Physics 2000 Science Trek Polarization

Polarization

I'll answer that, Kyla, but first we're going to have to talk about polarized light. Think back to when we talked about electromagnetic waves. We learned that the electric force field moves up and down as the electromagnetic wave moves forward. The light is brightest when the blue electric force arrow is biggest, and it is dark where it is zero.


It still seems strange to think about a force field that moves in a different direction than the light, but I guess light is just one example of the electromagnetic waves we talked about earlier.

You're exactly right, Kyla. In general, the direction the wave moves is called the "ray" direction. This "ray" direction points along the path of light "rays".

You mean like the light rays coming through a window into a dusty room?

Yes. That and most light is NOT polarized, although the electric forces still move up and down perpendicular to the ray direction. In the picture above, the light is polarized in the plane of the yellow arrow. Unpolarized light looks more like the movie below.


It looks like the yellow arrow plane keeps jumping to a different angle, even though the ray direction remains the same.

That's right, but notice that no matter how the yellow arrow twists, the electric forces are always perpendicular to the ray direction. In unpolarized light the twist of the yellow arrow plane keeps changing randomly. We will use the picture below on the left as a symbol for polarized light, and the picture on the right as a symbol for unpolarized light.

Polarized Light Unpolarized Light

If the yellow plane of polarization is always twisting in unpolarized light, how is it possible to transform unpolarized light into polarized light where the plane doesn't change?

That's a good question, Kyla. The electric force field in any plane of light can be separated into a vertical and horizontal component, so you can think of a diagonal plane of light as being made up of some vertical polarized light and some horizontal polarized light. A good way to picture this is to imagine pushing a heavy box.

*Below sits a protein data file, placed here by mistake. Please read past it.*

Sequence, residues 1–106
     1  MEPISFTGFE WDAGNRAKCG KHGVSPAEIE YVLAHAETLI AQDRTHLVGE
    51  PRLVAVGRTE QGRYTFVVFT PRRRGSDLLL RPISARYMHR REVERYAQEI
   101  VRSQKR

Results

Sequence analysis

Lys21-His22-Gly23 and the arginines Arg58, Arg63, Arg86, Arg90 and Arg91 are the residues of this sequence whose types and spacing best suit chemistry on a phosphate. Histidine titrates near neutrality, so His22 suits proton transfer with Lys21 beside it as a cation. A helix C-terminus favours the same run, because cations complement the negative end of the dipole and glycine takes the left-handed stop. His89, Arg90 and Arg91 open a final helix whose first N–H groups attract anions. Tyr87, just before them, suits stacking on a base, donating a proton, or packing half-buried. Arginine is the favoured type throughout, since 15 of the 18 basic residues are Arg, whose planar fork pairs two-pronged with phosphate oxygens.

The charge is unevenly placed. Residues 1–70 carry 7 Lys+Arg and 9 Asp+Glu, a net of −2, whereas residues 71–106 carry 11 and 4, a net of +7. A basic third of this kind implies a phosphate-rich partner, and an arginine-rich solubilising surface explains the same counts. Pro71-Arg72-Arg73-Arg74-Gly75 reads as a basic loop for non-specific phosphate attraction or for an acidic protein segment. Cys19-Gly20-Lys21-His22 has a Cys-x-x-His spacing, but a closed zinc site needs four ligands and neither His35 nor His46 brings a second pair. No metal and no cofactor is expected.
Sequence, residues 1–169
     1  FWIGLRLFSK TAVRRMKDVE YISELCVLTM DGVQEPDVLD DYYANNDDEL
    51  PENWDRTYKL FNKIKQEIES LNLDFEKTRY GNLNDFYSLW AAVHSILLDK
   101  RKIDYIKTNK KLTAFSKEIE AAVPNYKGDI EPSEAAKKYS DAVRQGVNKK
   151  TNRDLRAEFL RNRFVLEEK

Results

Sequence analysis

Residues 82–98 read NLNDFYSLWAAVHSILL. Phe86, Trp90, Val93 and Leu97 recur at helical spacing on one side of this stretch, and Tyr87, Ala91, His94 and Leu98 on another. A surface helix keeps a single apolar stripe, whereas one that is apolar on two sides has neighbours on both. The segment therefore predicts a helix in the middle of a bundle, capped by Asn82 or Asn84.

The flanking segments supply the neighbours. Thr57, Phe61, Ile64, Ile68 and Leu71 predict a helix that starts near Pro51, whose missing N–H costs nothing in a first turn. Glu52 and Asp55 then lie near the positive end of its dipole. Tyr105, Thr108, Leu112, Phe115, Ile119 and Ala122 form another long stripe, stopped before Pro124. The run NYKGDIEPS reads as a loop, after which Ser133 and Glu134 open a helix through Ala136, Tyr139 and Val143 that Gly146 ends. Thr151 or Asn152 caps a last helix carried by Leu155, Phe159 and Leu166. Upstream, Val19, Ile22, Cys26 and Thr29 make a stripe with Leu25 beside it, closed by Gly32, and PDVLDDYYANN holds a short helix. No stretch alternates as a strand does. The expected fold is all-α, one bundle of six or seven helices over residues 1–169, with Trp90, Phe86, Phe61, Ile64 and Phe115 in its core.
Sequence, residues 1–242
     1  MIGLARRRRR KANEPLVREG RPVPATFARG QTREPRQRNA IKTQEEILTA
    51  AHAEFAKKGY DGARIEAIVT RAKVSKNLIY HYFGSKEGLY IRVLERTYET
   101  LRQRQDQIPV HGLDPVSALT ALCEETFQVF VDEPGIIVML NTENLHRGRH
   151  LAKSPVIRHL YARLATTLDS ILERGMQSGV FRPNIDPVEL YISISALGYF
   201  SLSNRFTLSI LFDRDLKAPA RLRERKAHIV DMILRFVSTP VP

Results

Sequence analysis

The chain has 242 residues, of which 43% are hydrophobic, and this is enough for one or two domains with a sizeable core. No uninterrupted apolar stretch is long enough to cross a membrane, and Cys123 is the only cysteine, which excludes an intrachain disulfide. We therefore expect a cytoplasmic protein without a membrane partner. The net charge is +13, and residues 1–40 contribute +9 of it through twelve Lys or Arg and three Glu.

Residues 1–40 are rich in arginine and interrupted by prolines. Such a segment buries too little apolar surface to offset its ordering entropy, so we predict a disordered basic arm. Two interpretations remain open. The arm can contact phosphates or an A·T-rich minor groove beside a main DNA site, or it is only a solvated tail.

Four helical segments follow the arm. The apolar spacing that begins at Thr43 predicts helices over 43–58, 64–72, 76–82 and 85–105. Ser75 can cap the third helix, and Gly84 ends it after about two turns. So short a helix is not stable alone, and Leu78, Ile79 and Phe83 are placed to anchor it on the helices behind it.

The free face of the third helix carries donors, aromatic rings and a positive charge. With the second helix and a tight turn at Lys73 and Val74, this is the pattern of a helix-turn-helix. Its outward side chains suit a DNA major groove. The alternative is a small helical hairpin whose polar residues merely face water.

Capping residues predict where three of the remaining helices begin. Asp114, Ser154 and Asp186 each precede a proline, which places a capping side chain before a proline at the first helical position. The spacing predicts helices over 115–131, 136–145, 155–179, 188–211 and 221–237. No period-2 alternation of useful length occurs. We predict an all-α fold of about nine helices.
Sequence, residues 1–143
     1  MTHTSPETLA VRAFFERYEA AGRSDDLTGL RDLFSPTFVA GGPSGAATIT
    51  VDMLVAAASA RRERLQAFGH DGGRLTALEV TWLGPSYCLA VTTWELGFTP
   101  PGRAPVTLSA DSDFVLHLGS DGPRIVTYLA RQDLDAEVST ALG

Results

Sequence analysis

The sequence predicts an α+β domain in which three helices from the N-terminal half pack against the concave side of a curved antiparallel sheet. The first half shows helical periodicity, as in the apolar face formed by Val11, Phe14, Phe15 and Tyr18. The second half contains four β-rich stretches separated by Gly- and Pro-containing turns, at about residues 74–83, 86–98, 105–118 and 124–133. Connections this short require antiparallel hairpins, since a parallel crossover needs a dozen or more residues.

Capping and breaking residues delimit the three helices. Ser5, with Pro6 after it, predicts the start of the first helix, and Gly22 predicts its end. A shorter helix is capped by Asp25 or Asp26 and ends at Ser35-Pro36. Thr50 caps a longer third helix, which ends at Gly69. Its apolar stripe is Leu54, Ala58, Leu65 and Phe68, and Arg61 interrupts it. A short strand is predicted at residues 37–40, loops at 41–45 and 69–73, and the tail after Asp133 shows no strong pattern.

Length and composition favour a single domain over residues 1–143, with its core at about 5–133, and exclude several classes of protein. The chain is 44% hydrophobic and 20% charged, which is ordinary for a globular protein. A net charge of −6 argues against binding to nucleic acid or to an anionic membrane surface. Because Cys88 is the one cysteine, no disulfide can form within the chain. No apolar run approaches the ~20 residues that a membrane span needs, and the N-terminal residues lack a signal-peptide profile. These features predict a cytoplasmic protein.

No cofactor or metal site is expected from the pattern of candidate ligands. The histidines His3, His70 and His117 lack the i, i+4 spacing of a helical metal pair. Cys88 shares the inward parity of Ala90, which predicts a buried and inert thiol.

You can push the box along the diagonal by yourself, but you will have to push pretty hard to move it. On the other hand, you can get a friend to push it to the right while you push it forward, and the box will end up in the same place. Because the two of you are pushing together, neither one of you will have to push as hard as if you were pushing alone.


So you are saying that we can think of the electric forces in a light wave in the same way?

Yes, the electric forces in one yellow plane of polarization are completely equivalent to the electric forces in a vertical yellow plane PLUS the forces in a horizontal yellow plane, just as below. This is called "breaking the light up into horizontal and vertical components".


You can always imagine breaking light into horizontal and vertical (polarization) components. This is true whether the light on the left is polarized or unpolarized, but temporarily polarized in the plane shown on the left.

Now I understand what polarized light is, but I guess I still don't understand how it gets polarized in the first place. Why were we able to polarize light with the sunglasses?

In order to polarize light, you need to pass it through some kind of filter. A good example of this is a Polaroid filter. This kind of filter is made up of parallel strands of long molecules. Let's think of a lens where these strands are horizontal. The energy of the horizontal components of light is absorbed by the strands, so this part cannot pass through. The vertical components can pass through, however, because the horizontal strands cannot absorb their energy.



So the filter selects one component from all of the different planes of light and lets that one component get through! That's why light that's polarized in the horizontal plane can't get through a filter that's absorbing the horizontal components of the light.

You've got it, Kyla. We've seen what happens to light when it passes through one lens, but more exciting things start to happen when it passes through a few lenses...



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